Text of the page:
Syria's netizens have been given another slap on the face with the banning of social networking site Facebook. With Blogger already blocked, the country's bloggers are fuming and have a lot to say about the latest development.
From Damascus, Golaniya sets the mood:
“Facebook is blocked in Syria, would I sound naïve if I said I didn’t see it coming? Why should I? How are the Syrians facebooking? Launching opposition campaigns? What's Facebook in Syria anyway? Active civil society? Syrian groups calling to overthrow the Syria regime? What's so dangerous about Syrian facebookers that they shouldn't be using it anymore? Or perhaps because the site is American so it should be blocked? Or maybe the Syrian officials have no idea what's Facebook except that it's an American and it's getting popular in Syria? All the above?
My theory? I think the Syrian officials don’t have a thorough idea how Syrians are facebooking, I think they did not block Facebook–the-site, but the unfamiliar reaction to this site, the unknown consequences of this reaction that might be very much, uncontrolled!” she rants.
Golaniya further explains the backlash the ban created – with more Syrian groups popping up on Facebook as a direct result of the censorship and how netizens are finding a voice despite the repression.
“Who lives in Syria knows that it's the country of “nothing's going on” except to hang out in old Damascus’ cafes, but recently there has been a cultural awakening; people are starting to organize their interests in concerts, galleries, conferences, plays, screenings…etc. and Facebook is facilitating the process which is very hard to do in an inactive militarily controlled society. There are no cultural institutions in Syria, no private independent NGOs, no civic institutions, who represent the populations except the government? Syrian Facebookers are trying now to represent themselves. Those who cannot be activists in a “real” Syria can be one in a virtual Syria,” she writes.
Her final scream for opening up the world wide web is loud and clear:
“We want Syria uncensored!” she wails.
Writing in Arabic, Alloush blog urges the authorities to reconsider the ban. He writes:
Facebook in Syria isn't that famous. Its distribution is very limited to the extent that many of those familiar with the Internet don't understand what the site is about. However, after news spread about its fame, it started growing in popularity in Syria and it then became natural to see large numbers of Syrians starting groups which support Syria and promote it, in addition to attempts to set up smaller networks for the Syria network on Facebook. Sudan has more smaller networks than Syria.
It seems that we have the largest number of blogs that are blocked, and now the largest social gathering is being censored as well as a huge number of sites. When a person starts analysing the reasons for the bans, he will end up with illogical and funny conclusions. For instance, my friend today informed me that the person who blocked the site may have done a mistake and instead of lifting the ban had imposed it. Soon, Google may be banned and with that the Internet in Syria will be an internal system only, which will enable you to surf through the websites of the companies which make ice cream and chewing gum. That would really be interesting. Blocking access to such sites which are rich in information causes damage to Syrians. First of all, they are a slap against the free promotion of Syria and secondly, they deny Syrians access to services which are available for people around the world. I hope those responsible for this policy would reconsider their censorship policies.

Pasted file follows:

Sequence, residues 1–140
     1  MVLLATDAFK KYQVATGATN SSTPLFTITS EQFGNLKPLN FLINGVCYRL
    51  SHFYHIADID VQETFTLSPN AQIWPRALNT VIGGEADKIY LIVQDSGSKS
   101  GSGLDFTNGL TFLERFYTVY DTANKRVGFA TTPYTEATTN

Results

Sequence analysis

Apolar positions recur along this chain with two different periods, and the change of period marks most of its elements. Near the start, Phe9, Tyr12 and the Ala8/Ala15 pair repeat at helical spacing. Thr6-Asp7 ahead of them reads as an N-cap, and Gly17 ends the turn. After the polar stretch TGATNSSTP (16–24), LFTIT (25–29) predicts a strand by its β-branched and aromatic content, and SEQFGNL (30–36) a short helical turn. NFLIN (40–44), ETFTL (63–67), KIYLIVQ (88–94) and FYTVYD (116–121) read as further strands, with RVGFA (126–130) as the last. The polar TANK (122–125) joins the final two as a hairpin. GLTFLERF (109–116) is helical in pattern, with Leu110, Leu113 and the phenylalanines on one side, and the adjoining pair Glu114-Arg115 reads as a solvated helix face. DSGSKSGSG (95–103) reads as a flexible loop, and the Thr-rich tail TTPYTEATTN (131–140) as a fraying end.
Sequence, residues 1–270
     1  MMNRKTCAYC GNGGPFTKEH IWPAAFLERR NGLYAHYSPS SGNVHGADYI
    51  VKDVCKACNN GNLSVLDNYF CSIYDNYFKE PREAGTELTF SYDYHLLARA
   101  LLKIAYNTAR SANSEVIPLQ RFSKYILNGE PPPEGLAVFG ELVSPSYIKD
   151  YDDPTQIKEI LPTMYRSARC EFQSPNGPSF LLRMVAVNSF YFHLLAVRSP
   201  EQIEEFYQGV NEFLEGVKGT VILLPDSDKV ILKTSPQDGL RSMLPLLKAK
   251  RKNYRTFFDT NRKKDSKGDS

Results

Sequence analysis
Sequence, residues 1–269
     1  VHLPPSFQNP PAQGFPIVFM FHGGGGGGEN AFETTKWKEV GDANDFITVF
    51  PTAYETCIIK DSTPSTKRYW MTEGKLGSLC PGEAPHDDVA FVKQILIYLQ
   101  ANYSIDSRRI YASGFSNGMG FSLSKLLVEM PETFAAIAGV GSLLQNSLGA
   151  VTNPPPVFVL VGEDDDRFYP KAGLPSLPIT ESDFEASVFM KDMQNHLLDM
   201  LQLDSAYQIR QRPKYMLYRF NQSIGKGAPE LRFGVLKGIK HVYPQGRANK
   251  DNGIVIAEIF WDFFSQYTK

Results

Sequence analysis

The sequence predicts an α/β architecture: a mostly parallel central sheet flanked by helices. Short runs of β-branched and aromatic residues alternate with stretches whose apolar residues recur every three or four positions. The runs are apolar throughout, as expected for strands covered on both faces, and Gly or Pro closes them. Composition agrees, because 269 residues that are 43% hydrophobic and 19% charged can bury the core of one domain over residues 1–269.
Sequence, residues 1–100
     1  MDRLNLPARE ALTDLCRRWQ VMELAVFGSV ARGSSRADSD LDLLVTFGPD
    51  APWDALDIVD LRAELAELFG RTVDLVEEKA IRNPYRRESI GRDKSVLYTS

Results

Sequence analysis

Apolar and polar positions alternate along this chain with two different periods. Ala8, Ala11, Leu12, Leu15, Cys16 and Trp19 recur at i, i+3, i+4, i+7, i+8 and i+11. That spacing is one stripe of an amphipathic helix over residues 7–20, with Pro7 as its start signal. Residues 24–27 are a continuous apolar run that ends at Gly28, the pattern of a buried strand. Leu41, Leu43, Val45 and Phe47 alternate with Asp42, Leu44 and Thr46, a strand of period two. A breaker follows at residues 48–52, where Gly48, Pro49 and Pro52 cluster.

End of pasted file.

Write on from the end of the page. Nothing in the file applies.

Another Syrian blogger Redman has come up with a better solution to thwart censorship. He writes:
I don't know if the discussion will end with this or whether anything we say would be of any benefit. Internet companies come up with new offers everyday and the cost of Internet access is cheaper than the price of potatoes (a kilos of potatoes costs 45 Liras) … but I have a suggestion: why don't we ban the Internet and ask the site owners to apply (with officials) to be allowed to have sites. The problem in Syria is that we don't know who orders the blocking of sites. The Minister of Transportation denied in a trial last week that his ministry was involved in the bans and said that he has not ordered any closures of sites.
Mohammed also uses humour to express his infuriation with the ban in this post. He notes:
By Allah, I am embarrassed and don't know where to start but I am certain that none of the Internet users in Syria were surprised when Facebook was blocked. I was surprised that it wasn't. Just imagine having a site which starts with w and ends with .com and not having it banned in Syria! I am thankful to God that it has been banned, so that we don't continue to live surprised.
He also has a suggestion for netizens, who are developing websites. He says:
I also have a suggestion to site developers in Syria. They should not populate their sites with anything because either way, it will be blocked and they would just be exhausting themselves for nothing. And then seriously guys, what does the Internet mean for us? Sites are blocked and the net is so slow it brings a heart attack. Why do you need the Internet? For emails? I have a solution for you. We can go back to using carrier pigeons. At the least, they are more guaranteed and faster than the Internet we have.